For homebuyers on a tight budget, the fixer-upper has long been a great option. You buy a house in need of a little TLC, fix it up yourself, and save a bundle. But for retirees, the deal may not be quite as sweet. Here’s how to determine if buying that fixer-upper is really the best way to spend your retirement in an active adult community.
How much time do you want to devote?
For some retirees, a home improvement project is a fun way to pass the time. If that sounds like you, a fixer-upper may be the way to go. If you view putting in new flooring or redoing the bathroom as a hobby, it can be a great and productive way to spend your time. But if you’re looking forward to retirement so you can relax by the pool or hone your golf game, look for a home that’s low-maintenance. Buying a fixer-upper means spending time on it, and it’s all a matter of how you want to prioritize your time.
Will it actually save you money?
One of the biggest mistakes homebuyers make in saddling themselves with a fixer-upper is not being prepared for how much repairs and improvements will actually cost. Before you sign on your new home, make a detailed list of everything that needs to be fixed, and conservatively estimate how much these projects will cost. If the expense of redoing the home is high enough, you may consider spending that extra money on a home that doesn’t need improvements. In the long run, it’s about making sure you aren’t losing time and money on this project.
Can you complete the repairs alone?
All too often homeowners bite off more than they can chew when it comes to handyman projects around the house. You may think you can re-tile the kitchen by yourself, but if there are any complications, you may end up spending a bundle on professional help. This should be factored into your estimates for expenses. While you may have done home repairs alone in the past, you should never bank on it. Always be prepared for unforeseen variables, like running into problems with asbestos or lead-based paint, especially in older homes.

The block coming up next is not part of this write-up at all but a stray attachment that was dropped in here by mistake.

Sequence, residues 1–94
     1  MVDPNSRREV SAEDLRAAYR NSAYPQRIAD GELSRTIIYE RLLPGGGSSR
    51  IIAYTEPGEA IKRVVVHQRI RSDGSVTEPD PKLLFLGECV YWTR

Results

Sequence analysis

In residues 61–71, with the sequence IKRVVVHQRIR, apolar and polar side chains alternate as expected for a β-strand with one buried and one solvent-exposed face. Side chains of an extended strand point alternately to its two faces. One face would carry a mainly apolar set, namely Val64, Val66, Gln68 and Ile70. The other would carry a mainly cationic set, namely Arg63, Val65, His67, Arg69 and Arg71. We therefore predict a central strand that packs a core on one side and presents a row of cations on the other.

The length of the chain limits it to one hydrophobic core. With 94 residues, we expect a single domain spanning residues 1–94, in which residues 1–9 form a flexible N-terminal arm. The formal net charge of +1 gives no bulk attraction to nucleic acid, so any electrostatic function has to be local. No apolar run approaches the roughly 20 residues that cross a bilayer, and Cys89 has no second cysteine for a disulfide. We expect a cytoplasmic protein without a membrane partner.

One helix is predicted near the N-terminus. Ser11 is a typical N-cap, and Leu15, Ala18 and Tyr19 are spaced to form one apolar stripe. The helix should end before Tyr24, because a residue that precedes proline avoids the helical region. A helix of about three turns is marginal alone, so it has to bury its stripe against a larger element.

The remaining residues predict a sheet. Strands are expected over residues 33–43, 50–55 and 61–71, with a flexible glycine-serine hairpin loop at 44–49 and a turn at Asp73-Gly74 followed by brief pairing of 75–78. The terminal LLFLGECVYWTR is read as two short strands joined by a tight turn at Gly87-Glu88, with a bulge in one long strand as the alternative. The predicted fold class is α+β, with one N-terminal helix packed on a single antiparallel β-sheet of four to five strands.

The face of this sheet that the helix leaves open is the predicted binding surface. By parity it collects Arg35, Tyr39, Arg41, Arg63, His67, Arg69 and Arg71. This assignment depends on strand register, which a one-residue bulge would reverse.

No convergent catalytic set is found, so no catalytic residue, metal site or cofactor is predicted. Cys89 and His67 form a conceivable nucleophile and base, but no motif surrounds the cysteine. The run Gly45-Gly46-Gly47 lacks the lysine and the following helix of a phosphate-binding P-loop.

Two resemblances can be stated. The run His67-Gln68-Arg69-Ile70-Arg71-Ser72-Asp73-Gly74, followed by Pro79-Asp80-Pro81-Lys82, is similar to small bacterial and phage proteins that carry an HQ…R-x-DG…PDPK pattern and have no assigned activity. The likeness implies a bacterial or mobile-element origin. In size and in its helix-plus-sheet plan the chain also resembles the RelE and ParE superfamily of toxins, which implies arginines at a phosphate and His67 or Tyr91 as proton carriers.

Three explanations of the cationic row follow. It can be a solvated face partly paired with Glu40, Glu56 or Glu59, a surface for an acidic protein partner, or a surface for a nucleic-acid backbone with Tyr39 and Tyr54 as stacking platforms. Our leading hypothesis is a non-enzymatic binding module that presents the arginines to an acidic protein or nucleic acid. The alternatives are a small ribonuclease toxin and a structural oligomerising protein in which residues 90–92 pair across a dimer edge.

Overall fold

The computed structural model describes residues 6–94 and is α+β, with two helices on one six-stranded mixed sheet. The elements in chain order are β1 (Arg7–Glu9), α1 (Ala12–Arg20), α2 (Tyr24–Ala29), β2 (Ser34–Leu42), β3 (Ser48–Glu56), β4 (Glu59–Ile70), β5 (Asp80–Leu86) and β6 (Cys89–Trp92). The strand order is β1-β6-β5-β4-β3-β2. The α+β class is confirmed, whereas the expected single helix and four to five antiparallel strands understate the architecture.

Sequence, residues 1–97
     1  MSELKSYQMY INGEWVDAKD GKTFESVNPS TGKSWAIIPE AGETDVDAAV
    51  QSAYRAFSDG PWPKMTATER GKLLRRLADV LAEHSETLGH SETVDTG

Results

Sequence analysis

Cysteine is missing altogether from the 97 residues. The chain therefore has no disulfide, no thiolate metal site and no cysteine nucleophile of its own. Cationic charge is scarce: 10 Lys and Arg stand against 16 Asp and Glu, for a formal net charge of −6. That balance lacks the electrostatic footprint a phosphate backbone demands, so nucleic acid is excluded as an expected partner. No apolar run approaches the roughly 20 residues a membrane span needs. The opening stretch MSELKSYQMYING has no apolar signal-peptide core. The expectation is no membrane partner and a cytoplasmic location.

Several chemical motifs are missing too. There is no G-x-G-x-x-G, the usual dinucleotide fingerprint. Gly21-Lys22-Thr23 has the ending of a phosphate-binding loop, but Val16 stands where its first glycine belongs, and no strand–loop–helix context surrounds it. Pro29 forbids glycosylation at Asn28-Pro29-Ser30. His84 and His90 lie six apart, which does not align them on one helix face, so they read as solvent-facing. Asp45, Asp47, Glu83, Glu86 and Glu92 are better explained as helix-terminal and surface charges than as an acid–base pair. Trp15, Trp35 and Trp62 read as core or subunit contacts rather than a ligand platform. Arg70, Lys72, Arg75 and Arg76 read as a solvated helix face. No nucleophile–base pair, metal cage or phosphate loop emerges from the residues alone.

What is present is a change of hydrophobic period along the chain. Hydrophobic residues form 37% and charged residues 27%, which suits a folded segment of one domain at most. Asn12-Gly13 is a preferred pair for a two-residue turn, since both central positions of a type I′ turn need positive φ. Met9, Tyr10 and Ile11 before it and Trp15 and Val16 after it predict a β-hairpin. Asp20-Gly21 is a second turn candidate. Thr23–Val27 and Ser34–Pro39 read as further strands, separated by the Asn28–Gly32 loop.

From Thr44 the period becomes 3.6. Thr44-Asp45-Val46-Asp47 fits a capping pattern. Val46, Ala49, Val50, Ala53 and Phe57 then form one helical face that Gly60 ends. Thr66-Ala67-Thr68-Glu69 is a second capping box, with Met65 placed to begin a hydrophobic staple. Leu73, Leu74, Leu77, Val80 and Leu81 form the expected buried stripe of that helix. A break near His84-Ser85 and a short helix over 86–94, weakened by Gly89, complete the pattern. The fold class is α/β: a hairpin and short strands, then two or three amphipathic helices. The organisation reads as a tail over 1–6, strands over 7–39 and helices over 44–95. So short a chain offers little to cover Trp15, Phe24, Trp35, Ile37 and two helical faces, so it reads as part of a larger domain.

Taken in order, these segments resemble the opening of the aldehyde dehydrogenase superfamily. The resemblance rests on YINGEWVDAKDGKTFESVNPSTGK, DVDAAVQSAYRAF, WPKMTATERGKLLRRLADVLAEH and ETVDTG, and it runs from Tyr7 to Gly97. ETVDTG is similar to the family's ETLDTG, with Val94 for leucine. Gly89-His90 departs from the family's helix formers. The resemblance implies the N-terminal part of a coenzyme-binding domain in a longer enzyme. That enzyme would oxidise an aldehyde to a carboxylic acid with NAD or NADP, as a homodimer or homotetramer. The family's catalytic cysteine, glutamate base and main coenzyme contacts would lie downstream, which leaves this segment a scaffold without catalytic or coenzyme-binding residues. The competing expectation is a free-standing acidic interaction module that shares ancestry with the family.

Will you need any permits?
If the home is in a historic district, or even if the town you’re moving to has difficult processes in place, your home improvement project could take a lot longer than expected. Often homeowners need to secure permits to do large construction tasks like tearing down walls or making any additions to the home. If you’re going large-scale with the redesign, do your research first and talk to a contractor.
Overall, a fixer-upper may be a feasible option. It’s just one you need to fully consider before taking it on. If you love to build and rebuild, it may be the ideal project for you. If you’d rather spend your retirement years in a maintenance-free environment, new construction may be more up your alley. Whatever you decide, it’s all about doing your research and making the educated choice.